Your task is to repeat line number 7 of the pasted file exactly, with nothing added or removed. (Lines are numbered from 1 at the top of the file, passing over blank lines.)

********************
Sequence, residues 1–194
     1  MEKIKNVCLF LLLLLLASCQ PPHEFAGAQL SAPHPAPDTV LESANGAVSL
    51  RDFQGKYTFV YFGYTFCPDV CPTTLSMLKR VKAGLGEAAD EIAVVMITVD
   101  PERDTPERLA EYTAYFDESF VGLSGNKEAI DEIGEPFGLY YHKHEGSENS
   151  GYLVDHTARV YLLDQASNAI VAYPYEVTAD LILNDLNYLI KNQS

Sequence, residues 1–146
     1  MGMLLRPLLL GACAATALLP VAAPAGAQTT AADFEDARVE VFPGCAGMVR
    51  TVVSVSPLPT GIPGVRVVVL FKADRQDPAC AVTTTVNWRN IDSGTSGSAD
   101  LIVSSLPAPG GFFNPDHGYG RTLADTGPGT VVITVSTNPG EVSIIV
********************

     1  MGMLLRPLLL GACAATALLP VAAPAGAQTT AADFEDARVE VFPGCAGMVR